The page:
Home ownership has long been touted as part of the American dream. But what happens when it becomes a burden? We often meet with clients who are considering whether to downsize or not. Throughout years of meeting with clients, we’ve found the four statements below often signify downsizing, or even renting makes more sense than owning a home:
1. You dread going outside and upstairs
If aging legs, back or joints bark at you every time the yard needs mowing or the leaves need raking, it might be a sign that owning a home with a yard is wearing on you. Likewise, if you find yourself living on the first floor of a multi-story home and dread going upstairs, downsizing could be beneficial. A retirement community or smaller home featuring single story living and maintenance-free landscaping might fit the bill.
2. You’re hearing echoes
A three to five bedroom home makes sense when you have school-age kids and family visiting during the holidays. However, once the nest empties, those extra bedrooms can seem like dust-collecting caves that only get used by the vacuum. While it may be emotional to leave behind the home in which your kids were raised, it can be exciting to start a new chapter where cleaning duties are replaced by long walks or trips with your spouse.
3. You’ve become a party of one
Tragically, widows and widowers are forced to adjust to life without their chosen partner. For most, this happens when the responsibility of owning a larger home may have seemed burdensome anyway. For younger spouses, downsizing may be a financial necessity if they’ve lost an income stream or been faced with medical or unexpected expenses. Often times the decision comes down to the emotion of living in the same home where memories of a deceased family member persist. Some find this persuades them to make a change while others find it impossible to leave. This is a very personal decision and may take years to make.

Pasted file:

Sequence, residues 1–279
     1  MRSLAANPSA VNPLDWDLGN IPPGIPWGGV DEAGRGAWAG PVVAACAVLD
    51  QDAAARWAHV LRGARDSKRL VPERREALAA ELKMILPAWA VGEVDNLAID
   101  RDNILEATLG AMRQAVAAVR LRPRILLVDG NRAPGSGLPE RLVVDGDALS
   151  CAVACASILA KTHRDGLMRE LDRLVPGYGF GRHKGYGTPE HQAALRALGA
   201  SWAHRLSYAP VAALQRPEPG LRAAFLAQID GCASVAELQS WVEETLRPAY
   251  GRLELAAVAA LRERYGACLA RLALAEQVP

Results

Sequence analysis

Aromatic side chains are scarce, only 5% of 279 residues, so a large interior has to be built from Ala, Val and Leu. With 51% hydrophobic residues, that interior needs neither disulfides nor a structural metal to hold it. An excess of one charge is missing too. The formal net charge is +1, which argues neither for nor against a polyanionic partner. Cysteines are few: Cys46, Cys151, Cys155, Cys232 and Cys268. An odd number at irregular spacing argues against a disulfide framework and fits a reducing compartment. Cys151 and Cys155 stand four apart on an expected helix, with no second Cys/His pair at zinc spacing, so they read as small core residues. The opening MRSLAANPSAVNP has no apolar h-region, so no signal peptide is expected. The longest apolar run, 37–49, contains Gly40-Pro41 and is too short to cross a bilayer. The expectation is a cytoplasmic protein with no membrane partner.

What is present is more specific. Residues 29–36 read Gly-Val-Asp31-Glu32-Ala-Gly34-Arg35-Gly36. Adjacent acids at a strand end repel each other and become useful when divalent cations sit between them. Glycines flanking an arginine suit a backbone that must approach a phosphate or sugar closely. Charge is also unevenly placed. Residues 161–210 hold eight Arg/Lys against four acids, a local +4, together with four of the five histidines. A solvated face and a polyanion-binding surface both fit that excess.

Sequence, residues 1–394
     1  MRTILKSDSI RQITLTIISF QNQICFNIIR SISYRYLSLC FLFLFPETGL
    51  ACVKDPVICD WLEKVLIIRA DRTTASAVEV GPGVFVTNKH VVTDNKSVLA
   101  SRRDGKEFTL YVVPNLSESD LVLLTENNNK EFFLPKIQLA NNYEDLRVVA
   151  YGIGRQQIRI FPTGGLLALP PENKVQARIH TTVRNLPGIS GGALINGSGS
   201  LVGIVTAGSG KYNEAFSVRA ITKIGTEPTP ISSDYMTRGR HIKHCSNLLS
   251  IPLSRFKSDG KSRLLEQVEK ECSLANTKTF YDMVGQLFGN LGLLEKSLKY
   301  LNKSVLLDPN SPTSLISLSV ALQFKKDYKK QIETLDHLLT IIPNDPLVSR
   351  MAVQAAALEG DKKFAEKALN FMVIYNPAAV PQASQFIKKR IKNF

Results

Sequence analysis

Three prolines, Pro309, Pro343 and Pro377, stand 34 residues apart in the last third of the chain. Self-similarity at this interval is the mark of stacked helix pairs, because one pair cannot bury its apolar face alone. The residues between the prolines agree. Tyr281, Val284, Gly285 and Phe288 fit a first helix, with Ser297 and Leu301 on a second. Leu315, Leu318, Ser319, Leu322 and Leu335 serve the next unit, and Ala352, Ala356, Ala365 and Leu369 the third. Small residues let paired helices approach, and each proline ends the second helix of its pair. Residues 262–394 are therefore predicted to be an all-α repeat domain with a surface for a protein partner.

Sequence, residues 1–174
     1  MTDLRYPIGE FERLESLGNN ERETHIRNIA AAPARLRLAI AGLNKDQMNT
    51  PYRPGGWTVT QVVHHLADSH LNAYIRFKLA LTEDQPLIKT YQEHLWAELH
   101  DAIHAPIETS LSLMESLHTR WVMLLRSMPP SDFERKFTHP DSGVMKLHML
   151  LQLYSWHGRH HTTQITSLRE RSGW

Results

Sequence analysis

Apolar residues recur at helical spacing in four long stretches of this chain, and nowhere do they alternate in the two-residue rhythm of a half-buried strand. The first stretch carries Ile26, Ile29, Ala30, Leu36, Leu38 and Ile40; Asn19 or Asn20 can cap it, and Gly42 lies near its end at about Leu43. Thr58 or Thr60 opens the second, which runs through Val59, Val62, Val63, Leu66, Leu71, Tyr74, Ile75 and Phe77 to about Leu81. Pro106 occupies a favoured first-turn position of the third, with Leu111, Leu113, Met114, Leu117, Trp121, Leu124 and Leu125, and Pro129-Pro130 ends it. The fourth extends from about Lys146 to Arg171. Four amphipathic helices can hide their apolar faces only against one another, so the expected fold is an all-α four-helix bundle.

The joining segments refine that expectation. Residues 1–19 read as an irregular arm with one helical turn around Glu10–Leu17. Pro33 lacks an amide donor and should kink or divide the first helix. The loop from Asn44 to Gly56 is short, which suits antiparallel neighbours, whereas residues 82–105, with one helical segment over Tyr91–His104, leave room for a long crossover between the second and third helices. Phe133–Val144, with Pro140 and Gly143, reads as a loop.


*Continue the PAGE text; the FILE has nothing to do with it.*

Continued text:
4. You realize owning isn’t everything
There is a persistent myth that claims renting is simply throwing money away every month. Yet, it isn’t that simple. Renting affords flexibility. Renting allows a resident to live without fear of needing to replace roofs, furnaces, plumbing or other necessities which can be debilitating to cash flow. Selling a home to rent in retirement sometimes means being able to use home equity to pay for other things such as medical care or travel. We often advise clients who are unsure of their medical status or who have checkered medical pasts to consider renting versus committing to home ownership. This is especially relevant when they may be considering a reduced home size or different geography in the intermediate term. Moving isn’t free; nor is financing.
Making the decision to move or downsize can be emotional and difficult. While many hope downsizing will create additional assets and reduce monthly expenses, oftentimes moving to a smaller home can be more expensive, especially when factoring in moving and home closing costs.
Working with a financial advisor can help you determine the financial impact of downsizing, assisting you in making an informed decision. We can model how buying a new home and selling your current home will affect your assets in the long-term, giving you the ability to make an choice that works for your goals, objectives and lifestyle. At Legacy, our goal is to take away your financial anxiety so you can enjoy the things most important to you.